[Figure 8] and [Figure 9] illustrate the effect of VB on absorbed dose in various thicknesses of VB for 6 MV and 18 MV photons, respectively. D1 and D2 are related to the absorbed dose in the presence and absence of the VB, respectively. The horizontal axis shows the thickness of VB, which is irradiated by the photons. The measured data were obtained by MapCheck2 dosimeter. This device mainly illustrated the isodose distribution in various formats. However, the reading for the array of detectors in the MapCheck device is also available in a simple word document. As it is mentioned, the results were imported to an in-house software MATLAB R2014a (Mathworks, Massachusetts, Natick, USA).
|Figure 8: Effect of vacuum bag on absorbed dose in various thicknesses for 6 MV photon. D1 and D2 are related to the absorbed dose in the presence and absence of the vacuum bag, respectively. X (cm) is related to the thickness of vacuum bag|
Click here to view
|Figure 9: Effect of vacuum bag on absorbed dose in various thicknesses for 18 MV photon. D1 and D2 are related to the absorbed dose in the presence and absence of the vacuum bag, respectively. X (cm) is related to the thickness of vacuum bag|
Click here to view
The effect of VB cap on absorbed dose is illustrated in [Figure 10], [Figure 11], [Figure 12], [Figure 13] for 6 MV and 18 MV, respectively. The areas related to dose reduction due to the presence of the cap are marked in these figures. These figures were plotted with a MATLAB software for film dosimetry after determination of the absorbed dose for all points of the irradiated film. This software according to the calibration curve of the film converts the optical density of each point to an absorbed dose. After calculation of the dose for all points, the strong image processing tool box of the MATLAB is used to generate the isodose curves and three-dimensional illustration of the surface dose.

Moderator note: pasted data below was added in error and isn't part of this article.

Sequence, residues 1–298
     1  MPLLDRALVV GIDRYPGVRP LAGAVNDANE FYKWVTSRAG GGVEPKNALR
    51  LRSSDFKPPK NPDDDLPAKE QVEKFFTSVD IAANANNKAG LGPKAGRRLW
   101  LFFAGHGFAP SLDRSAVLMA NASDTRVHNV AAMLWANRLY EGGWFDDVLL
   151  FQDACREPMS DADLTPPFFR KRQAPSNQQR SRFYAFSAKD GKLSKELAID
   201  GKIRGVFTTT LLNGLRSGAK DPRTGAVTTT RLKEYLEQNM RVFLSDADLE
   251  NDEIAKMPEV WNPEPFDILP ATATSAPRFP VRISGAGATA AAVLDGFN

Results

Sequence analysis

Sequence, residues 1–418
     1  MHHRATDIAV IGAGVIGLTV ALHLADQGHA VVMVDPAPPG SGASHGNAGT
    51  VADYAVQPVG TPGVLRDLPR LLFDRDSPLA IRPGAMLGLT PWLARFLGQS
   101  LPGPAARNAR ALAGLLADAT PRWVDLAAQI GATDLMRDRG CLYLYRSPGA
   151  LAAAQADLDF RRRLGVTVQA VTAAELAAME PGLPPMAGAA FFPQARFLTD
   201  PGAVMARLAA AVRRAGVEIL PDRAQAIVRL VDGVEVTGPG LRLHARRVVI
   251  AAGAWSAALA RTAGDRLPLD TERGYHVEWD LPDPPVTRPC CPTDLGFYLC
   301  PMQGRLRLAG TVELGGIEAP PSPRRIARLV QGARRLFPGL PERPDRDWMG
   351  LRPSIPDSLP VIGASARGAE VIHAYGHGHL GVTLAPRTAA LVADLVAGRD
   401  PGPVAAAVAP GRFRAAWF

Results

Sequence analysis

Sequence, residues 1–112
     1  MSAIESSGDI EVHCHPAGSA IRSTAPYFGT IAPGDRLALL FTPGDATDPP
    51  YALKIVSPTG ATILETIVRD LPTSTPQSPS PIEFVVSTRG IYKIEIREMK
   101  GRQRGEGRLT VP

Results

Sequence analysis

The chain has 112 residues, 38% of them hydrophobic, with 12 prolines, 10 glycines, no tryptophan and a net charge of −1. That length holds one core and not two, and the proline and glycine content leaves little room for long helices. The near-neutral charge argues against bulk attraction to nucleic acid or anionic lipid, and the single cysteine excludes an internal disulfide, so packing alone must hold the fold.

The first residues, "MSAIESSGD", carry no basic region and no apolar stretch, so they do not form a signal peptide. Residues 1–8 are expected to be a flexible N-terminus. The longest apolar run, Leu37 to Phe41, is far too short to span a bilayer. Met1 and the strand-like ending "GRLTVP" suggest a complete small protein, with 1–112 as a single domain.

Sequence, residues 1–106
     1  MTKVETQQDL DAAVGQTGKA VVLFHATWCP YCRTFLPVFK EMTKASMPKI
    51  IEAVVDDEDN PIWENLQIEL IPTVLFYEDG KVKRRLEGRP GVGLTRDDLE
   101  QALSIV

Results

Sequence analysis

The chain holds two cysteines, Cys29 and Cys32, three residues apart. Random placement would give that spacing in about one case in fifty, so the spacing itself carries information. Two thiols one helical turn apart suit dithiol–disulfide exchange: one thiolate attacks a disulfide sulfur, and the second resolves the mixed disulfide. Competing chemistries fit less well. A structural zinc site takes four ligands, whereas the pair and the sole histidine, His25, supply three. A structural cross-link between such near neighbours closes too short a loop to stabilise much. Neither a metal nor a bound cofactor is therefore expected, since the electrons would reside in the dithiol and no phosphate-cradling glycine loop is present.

|Figure 10: (a) The results of the film dosimetry for the case in which the cap of the vacuum bag is placed in the 6 MV radiation beam. The profile of the along the dashed line in figure (a) is plotted in figure (b)|
Click here to view
|Figure 11: (a) The isodose curves of the film in Figure 10 illustrating the effect of the vacuum bag cap on absorbed dose for 6 MV beam energy, (b) the color map of dose distribution for effect of the vacuum bag cap on absorbed dose|
Click here to view
|Figure 12: (a) The results of the film dosimetry for the case in which the cap of the vacuum bag is placed in the 18 MV radiation beam. The profile of the along the dashed line in figure (a) is plotted in figure (b)|
Click here to view
|Figure 13: (a) The isodose curves of the film in Figure 12 illustrating the effect of the vacuum bag cap on absorbed dose for 18 MV beam energy, (b) the color map of dose distribution for effect of the vacuum bag cap on absorbed dose|
Click here to view
| > Discussion|| |
One of the main factors affecting the accuracy of treated volume is the careful positioning of patient. As [Figure 4] and [Figure 5] illustrate, the effect of VB on PDDs is considerable in the first few centimeters of the phantom for both 6 MV and 18 MV energies. As illustrated, in first few millimeters of the phantom, the presence of VB increases the surface dose significantly. The relative increases in surface dose due to the use of VB were up to 30% and 25% for 6 MV and 18 MV energies, respectively. After the depth of 2 cm approximately, no significant differences were observed in the PDD curves. These differences of PDDs are decreased in large depths. In practice, this increase in surface dose is the reason of unusual burn on the back of legs of patients who used VB in PA field. The VB in posterior and lateral fields acts like a bolus.